I have some interesting new guest bloggers who will write a series of posts on Aspire blog which I am very much looking forward to also. One is Science Supplements who will write a series of educational posts about health of competition horses (also older horses and grassroots horses) and a young journalist - Alice-Rose Brown, who is building her writing portfolio and will share thoughts of her battle with confidence. If you are interested in either, do check out the links :)

I am also preparing Aspire's next Newsletter which will go out on the 14th. One part of it will be a little video tutorial which I filmed with the help of one my lovely clients and which will be simply a video reply to a question by another rider who trains with me during Aspire clinics.

Sneaky peak at the video frames - can you guess what was the rider's question? 
Many more tutorials coming up once the new base is fully up and running! Sadly, my trusty, wonderful Panasonic camcorder died of unknown disease and I am currently left with my old iPhone and it's limited quality. Hopefully the content will be good enough for the viewers to forgive the form.

Now I better hit the pillows, it's 01:25 at this very moment and I need to be up at 7:30. I wonder if it rains and hurricanes tomorrow as eagerly as it did today!

Monday, 4 August 2014

OK, Let's get excited - Say hello to the mini-base for Aspire Equestrian...! :)

As I mentioned before, I have some exciting news - at least I sure hope they are going to be very exciting. Can you guess?
I will give you a clue...

Say hello to the mini-base for Aspire Equestrian...!
If all goes according to plan, from next month, Aspire Equestrian will have a mini-base in form of this little yard. I will be sharing more information about the set up and more photos which I took today in Aspire's newsletter (flying to whoever wishes to receive it on the 1st and 14th of every month). You can sign up for it via my microsite HERE.

I am so looking forward to this next stage in Aspire's development. It is not my own place but I was invited to base myself there and at this moment I am more than happy with such turn of events :) Since affording own yard is currently out of question, my aim is to focus on 2-3 mini-bases where I can offer quality service with top notch attention to detail. I don't care how "posh" they look or how beautiful the facilities are - the most important factor for me is that all the little, ordinary things are done extraordinarily well and that I can control the learning environment. This set up should bring both elements together.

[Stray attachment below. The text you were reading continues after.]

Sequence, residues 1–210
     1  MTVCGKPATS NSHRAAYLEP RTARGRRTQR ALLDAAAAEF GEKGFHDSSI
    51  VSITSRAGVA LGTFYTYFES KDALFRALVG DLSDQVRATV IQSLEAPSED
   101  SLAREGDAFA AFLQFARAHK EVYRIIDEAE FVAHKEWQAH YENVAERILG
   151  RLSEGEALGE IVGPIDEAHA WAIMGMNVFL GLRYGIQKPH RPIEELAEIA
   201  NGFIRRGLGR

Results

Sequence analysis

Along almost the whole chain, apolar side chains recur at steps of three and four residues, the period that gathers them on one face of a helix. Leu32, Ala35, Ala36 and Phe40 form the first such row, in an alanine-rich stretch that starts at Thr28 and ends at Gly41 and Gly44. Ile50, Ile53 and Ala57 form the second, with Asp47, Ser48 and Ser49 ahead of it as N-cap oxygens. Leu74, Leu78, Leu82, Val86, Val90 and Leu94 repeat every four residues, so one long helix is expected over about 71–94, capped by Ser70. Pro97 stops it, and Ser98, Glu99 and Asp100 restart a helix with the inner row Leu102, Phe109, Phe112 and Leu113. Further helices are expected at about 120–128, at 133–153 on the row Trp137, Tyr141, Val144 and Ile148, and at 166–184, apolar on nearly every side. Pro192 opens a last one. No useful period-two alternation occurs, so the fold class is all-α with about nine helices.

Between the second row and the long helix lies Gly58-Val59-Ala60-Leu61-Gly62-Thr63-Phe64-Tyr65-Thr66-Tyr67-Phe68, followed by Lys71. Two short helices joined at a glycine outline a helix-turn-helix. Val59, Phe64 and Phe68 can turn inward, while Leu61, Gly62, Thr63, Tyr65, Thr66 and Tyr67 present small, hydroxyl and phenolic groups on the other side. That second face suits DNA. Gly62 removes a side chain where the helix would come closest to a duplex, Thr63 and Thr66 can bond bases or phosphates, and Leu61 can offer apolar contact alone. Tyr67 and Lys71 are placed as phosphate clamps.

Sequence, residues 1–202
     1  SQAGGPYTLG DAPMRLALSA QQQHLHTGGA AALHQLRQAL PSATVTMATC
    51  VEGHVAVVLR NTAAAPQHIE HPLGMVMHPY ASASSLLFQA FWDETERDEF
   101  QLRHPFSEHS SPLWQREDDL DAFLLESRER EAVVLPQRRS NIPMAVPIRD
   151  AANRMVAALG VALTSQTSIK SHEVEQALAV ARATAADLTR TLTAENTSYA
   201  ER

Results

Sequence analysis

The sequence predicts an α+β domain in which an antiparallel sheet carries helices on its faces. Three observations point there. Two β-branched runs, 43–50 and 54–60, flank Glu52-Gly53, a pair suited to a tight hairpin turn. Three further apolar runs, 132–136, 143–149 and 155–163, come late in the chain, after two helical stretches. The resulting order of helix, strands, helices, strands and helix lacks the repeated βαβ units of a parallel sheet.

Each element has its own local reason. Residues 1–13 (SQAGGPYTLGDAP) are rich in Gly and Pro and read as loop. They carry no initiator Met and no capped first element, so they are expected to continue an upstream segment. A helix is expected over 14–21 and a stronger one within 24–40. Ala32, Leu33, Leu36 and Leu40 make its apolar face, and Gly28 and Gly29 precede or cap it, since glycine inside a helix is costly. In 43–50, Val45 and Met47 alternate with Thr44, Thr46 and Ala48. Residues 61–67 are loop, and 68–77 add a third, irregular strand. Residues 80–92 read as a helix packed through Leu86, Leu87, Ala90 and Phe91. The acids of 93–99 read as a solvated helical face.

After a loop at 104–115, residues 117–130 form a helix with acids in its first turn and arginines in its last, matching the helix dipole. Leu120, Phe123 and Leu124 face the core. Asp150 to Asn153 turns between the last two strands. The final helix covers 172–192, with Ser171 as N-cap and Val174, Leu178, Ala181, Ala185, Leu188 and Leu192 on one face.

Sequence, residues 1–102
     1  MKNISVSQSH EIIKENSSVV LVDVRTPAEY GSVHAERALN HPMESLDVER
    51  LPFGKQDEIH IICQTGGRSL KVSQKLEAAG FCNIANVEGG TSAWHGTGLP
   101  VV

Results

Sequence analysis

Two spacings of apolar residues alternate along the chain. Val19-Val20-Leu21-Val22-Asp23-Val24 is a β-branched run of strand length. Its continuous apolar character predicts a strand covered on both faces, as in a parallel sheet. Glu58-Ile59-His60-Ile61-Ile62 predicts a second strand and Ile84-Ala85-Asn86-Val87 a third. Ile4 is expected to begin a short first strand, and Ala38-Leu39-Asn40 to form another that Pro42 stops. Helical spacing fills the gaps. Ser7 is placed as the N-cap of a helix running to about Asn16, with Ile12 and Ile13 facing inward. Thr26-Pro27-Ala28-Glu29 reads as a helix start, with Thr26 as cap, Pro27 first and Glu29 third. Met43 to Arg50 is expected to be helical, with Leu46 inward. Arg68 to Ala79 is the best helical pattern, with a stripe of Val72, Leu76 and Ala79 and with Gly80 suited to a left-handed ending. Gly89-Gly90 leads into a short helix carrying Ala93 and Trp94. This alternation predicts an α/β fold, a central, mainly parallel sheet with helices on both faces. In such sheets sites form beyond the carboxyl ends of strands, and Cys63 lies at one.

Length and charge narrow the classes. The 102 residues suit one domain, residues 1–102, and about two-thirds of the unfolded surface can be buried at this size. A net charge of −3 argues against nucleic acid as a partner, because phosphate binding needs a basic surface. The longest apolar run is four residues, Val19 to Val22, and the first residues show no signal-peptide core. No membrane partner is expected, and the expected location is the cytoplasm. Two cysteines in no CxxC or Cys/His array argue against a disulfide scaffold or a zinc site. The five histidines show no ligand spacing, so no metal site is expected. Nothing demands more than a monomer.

Since I don't drive (yes, I know, it's mad, I will tell you about it in another post) I have to be very creative with where I work and how I can get there. It's a constant struggle and I would lie if I said 80 minutes walks to and from the station every day and then staying on my feet all days are not tiring but when I hear people complaining about not doing something they really want to do because they would need to get on a bus or train or both and it would take them over half an hour, it does make me feel a little sad. It's doable. It's possible. It just takes some fabulous clients who are willing to help, some effort, some organisation, coordination and a lot of patience ;)

This is not to say I can't wait for when I can finally sit in my own car! More on this soon.

On a train on one of many journeys this past week :) 
This last week was a fast blur for all the good reasons. I have had a few new clients starting their training and those who started Aspire programmes are all staying on them which makes me very happy indeed. Technically, I still need few more regular spaces filled over the next 6 months to be able to say the programmes are viable in long term business terms but I shall continue to work on that.

I have a day off travelling tomorrow but a long to-do list awaits for me. I have a guest blog to write for a fabulous website, I will share a link once it's online, and an article on how I use the Racewood simulator for my courses for the company who makes them.
The simulator I use is the dressage one although I do use it in an all-round manner. It's such a fantastic tool and once I send the article I will link to it as there will be some fun videos going with it :)

Hope you all had something good happening today! Speak soon :)

Tuesday, 29 July 2014

Beautiful mornings and planning for the first go at the second draft

I love teaching in the mornings especially in the summer we are having this year. The sun comes out early, strong and warm, with a slight breeze to break the heat. I love walking onto a freshly graded and flattened arena surface that no one yet rode on and just take in this ordinary, rectangular piece of ground that comes with so many emotions. It's so true when we say that we often forget things, places, faces but we never forget how they made us feel :)

My favourite artificial riding surfaces are the light coloured ones, love the silica sand and fabric but any light surface is a winner. I guess it reminds me of a white beach sand and makes me feel calm and zen ;) Having said that, riding on grass is also high on my likings. Not too manicured and not too flat with some gradients to challenge the feel for balance and proprioception in the horse.